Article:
No Fancy Name
Saturday, November 26, 2005
end-of-semester thoughts and stress
When discussing my future with profs I'm working with, or with other academics not at my school, I always get "the chat." It goes something like this: "do you know what your future holds, your current income slashed by 75% and the problem students and the lack of jobs and the presence of departmental politics [etc]?" To which I always say, "yes, I really do" and they say, "ok, as long as you know..." and we all move on. I appreciate "the chat" and I hope they have "the chat" with those idealistic folks ten years my junior who are still a little sketchy on what consititutes scholarly (or even scholarish) work but are convinced they're going to move on to a top-notch school and that the world of academia is filled with lots of jobs that pay lots of money for MAs or PhDs in English. I tried to explain the concept of "adjunct" and "piecing together work from multiple schools" and even "seven years of indentured servitude" and "no, you're not going to get into Stanford with your San Jose State MA and your 40 percentile on the GRE subject test and oh by the way George Eliot is a woman" but can you believe it? They didn't want to listen to me.

Anyway, my first semester will be over in a few weeks (December 13th to be exact) and I must say that for me, I'm at the right place at the right time. Although a large school (total enrollment something like 30K), I don't think even 1% of the undergrads are English majors, and the combined enrollment of the MA and MFA programs is probably less than a hundred. So, when someone shows a little promise and desire to move on to the next level, profs are there for mentoring and just general q&a (even if they're not your actual profs)—and there's no real sense of competition among the students because everyone pretty much goes their own way. So basically what I'm saying is that you get out of this program what you put into it, and if you want to put a lot into it then profs are glad to help. So I am thankful for that.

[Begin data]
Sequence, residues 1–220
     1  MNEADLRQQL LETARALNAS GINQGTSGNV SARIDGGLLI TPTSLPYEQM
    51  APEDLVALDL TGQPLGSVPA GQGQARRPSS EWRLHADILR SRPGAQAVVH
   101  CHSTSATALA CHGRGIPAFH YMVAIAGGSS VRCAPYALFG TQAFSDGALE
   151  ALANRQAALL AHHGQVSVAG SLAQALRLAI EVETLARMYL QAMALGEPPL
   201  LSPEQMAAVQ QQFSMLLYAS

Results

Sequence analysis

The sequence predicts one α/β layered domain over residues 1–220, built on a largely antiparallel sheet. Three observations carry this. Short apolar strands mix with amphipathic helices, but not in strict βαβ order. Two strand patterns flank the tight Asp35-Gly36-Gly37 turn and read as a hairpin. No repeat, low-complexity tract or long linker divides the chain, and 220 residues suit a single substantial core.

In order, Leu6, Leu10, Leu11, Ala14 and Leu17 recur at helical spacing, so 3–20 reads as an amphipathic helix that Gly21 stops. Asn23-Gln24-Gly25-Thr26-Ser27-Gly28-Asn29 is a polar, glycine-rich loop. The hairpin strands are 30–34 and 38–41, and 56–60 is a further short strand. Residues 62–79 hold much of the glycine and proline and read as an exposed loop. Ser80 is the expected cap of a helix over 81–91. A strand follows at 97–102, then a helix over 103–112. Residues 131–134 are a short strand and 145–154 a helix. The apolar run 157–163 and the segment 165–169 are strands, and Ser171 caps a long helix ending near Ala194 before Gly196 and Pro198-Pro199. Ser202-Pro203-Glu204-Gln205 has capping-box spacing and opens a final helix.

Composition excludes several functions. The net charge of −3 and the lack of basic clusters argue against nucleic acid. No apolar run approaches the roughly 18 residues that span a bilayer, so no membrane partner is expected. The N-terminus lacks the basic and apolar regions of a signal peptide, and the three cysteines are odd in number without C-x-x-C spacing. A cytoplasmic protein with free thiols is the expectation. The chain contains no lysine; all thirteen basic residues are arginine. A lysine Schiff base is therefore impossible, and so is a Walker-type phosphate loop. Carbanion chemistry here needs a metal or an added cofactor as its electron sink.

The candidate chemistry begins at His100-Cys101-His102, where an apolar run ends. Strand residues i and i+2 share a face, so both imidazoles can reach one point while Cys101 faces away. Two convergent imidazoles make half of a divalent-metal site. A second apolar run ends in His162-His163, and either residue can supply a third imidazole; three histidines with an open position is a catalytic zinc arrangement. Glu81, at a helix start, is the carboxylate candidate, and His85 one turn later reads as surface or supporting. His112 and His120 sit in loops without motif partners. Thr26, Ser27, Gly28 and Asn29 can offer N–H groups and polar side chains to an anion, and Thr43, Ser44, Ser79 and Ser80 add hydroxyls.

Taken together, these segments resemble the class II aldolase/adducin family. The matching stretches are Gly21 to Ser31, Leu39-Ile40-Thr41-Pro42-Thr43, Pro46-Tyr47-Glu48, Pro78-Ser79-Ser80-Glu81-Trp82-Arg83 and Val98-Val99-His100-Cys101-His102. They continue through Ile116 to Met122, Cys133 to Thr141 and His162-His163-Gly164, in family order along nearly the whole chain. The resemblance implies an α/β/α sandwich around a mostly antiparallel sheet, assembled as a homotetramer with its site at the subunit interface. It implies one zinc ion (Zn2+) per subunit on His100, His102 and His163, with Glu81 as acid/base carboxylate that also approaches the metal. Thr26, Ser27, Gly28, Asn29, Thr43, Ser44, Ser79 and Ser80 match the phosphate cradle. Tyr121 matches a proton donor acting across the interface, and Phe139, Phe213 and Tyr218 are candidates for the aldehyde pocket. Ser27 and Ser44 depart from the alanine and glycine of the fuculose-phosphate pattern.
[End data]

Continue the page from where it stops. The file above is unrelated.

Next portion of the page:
I've done well this semester, nothing less than an A- on anything. Of course I was appropriately outraged at myself when receiving such a grade and took all the comments to heart and made the necessary modifications for the next assignment so I would get the A. I kept up with all the reading for three classes, and then some. I gave four presentations—something I hate doing—but didn't hate doing these for some reason. I made some pals at school, and somehow managed to accumulate graduate assistant positions for three different profs, so next semester will be even more interesting.

But I still have a full-time job, and I will continue to have this job until I leave here in two years and move on to the next level. Assuming, of course, that some school at the next level wants me, and even then I'm sure I'll have some part-time connection to this job, as long as the company is still around. Because I have this full-time job, and the current Enterprise Application Taking Over Our Lives project, it means I have very little spare time to do pesky things like research papers. I have two such papers due in a few weeks, plus one other short essay rolled into a larger paper. I have theses and outlines for each, and a stack of books sitting next to me at all times, but it's slow going.

I am not terribly stressed out about it. They'll get done, and they won't suck, and it'll all be fine. Don't know how it will happen, exactly, but it will—just like in my job. We get stuff dumped on us all the time, of indeterminate length but with hard deadlines, and we always get it done. It's the silicon valley/high-tech startup work ethic. I am thankful for that sort of training, because it's definitely been helpful in my schoolwork, but I do long for the day when weekdays have readingtime built into them and every single weekend can be devoted to scholarly endeavors, not just a few here and there.


job / books / new blog

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